Journey to the Center of the Earth

Journey to the Center of the Earth

Journey to the Center of the Earth

Trevor Anderson (Brendan Fraser) is a ‘science professor’ who has some pretty radical theories about the earth. Whilst in Iceland on a research trip with his nephew (Bridge to Terabithia’s Josh Hutcherson), they make a breakthrough discovery, and find themselves journeying towards the centre of the Earth along with their beautiful local guide, Hannah (Anita Briem).

Here in the centre, they find all sorts of weird plants, dinosaurs and exotic locales. The film is made using 3D technology, and directed by a long-time computer whiz (a.k.a. VFX supervisor) who has worked on such films as The Day After Tomorrow and Pearl Harbor.

2008Rating: PG, Action adventure and some scary scenes92 minsUSA
ActionAdventureKids & Family

Streaming (4 Providers)

Journey to the Center of the Earth / Reviews

Flicks, Andrew Hedley

Flicks, Andrew Hedley

Sometimes the phrase ‘a kid’s film’ is just a nice way of categorising a film that’s badly put together. Hey, it’s only for kids, why bother making it any good?

Full review
Variety

Variety

There's not much in the way of plot -- the story is in the tour through the labyrinthian intimacies of inner Earth. As such, it's an f/x wizard's dream, and Brevig makes the most of it.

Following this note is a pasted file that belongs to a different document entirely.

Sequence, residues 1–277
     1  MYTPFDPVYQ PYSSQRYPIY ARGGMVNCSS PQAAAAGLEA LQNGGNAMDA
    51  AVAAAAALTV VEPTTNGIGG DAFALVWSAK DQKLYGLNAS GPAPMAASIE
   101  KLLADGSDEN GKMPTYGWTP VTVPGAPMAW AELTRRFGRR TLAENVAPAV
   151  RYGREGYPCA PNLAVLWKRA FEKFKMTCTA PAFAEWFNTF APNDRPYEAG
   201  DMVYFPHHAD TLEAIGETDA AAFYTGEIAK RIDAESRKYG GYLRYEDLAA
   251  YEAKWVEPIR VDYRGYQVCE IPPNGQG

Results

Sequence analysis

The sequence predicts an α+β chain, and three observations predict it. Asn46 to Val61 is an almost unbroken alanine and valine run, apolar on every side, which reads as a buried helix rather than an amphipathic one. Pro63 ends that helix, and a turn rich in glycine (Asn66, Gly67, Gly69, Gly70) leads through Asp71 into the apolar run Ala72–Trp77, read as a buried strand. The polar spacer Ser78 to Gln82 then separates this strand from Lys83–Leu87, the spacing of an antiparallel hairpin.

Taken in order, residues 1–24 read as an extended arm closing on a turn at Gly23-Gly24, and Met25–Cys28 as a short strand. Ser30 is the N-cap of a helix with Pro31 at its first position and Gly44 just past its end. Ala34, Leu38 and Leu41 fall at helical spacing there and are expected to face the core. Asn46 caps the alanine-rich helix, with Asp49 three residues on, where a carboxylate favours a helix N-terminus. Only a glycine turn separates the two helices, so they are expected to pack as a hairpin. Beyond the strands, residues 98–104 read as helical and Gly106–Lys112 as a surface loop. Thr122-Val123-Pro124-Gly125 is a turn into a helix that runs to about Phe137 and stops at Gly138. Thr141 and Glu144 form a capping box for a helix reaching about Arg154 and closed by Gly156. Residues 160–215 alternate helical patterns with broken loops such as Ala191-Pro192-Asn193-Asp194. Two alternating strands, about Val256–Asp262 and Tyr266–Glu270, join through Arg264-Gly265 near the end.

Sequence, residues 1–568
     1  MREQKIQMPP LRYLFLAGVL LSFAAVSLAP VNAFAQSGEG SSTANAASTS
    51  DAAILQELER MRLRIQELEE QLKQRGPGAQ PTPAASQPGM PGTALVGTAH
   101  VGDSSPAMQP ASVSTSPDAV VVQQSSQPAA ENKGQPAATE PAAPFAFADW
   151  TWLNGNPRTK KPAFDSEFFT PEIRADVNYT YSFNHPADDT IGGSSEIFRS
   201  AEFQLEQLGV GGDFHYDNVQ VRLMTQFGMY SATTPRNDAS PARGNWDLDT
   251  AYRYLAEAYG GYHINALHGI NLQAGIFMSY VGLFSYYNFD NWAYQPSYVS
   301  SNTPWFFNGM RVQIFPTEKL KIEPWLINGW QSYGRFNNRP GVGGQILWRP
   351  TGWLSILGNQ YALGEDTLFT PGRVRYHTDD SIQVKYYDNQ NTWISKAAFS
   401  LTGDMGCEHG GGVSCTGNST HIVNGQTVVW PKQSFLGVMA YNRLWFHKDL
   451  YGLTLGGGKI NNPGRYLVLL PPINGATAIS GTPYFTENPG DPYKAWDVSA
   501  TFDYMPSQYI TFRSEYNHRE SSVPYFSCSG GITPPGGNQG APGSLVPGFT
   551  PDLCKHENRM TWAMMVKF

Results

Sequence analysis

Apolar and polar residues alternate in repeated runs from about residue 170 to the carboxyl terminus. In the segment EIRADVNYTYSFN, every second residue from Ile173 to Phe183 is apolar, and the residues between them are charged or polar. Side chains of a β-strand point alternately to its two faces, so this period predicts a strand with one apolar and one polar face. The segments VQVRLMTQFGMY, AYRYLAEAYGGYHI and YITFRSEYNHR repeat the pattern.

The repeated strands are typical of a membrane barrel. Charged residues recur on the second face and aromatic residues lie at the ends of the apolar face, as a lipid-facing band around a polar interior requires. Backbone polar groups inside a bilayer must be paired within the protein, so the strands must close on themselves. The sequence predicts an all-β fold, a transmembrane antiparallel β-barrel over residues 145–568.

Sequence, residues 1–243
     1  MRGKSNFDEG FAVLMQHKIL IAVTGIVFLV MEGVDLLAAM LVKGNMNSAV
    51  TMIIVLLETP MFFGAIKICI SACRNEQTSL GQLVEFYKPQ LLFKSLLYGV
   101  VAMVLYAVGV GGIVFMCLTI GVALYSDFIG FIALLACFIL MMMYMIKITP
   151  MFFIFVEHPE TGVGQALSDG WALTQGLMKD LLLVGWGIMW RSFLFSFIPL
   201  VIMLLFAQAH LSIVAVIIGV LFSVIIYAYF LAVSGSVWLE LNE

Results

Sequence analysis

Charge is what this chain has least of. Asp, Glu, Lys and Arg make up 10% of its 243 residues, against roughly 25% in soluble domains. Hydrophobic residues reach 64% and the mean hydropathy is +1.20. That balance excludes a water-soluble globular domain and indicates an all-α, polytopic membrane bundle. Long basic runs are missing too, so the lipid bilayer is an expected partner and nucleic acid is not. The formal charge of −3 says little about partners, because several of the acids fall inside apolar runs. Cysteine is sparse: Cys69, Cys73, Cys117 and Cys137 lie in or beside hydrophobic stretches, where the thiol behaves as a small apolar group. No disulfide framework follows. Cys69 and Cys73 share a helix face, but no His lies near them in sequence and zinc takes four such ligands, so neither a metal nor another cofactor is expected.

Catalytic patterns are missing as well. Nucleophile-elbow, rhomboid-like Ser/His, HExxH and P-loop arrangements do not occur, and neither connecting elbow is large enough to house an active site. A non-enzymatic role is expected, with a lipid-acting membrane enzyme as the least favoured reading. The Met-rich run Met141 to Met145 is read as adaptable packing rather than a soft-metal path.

Full review
Time Magazine

Time Magazine

Neither the acting nor the story matters much here; the movie is simply the sum of its 3D effects.

Full review
Los Angeles Times

Los Angeles Times

Ultimately, Journey to the Center of the Earth's minor-league visual pleasures will be most enjoyed by those with the smallest number of celluloid reference points, preferably those who have started going to the movies after "Jurassic Park" or, better yet, the Harry Potter films.

Full review
Hollywood Reporter

Hollywood Reporter

This first feature by veteran visual effects supervisor Eric Brevig has its transporting, if benign, charms.

Full review
Empire Magazine

Empire Magazine

Fraser on form, 3D dinosaurs, geology lessons, phosphorecent hummingbirds, killer flying fish, theme park rides, Icelandic babe - what's not to like? It skews young, but is everything an 8-12 year-old could want. Older siblings and parents will have nothing to complain about either.

Full review
Dominion Post

Dominion Post

The inanity of the story is efficiently glossed over. And the pace is fast enough to keep the most sugar-laden of tykes happy. I wouldn't want to sit through it again myself, but the audience of seven and eight year olds I watched the film with seemed well happy.

Full review
Christchurch Press

Christchurch Press

It is a competent mix of adventure, comedy and sentimentality, but what it lacks in depth of plot and character development it more than makes up for in, well, actual depth.

Full review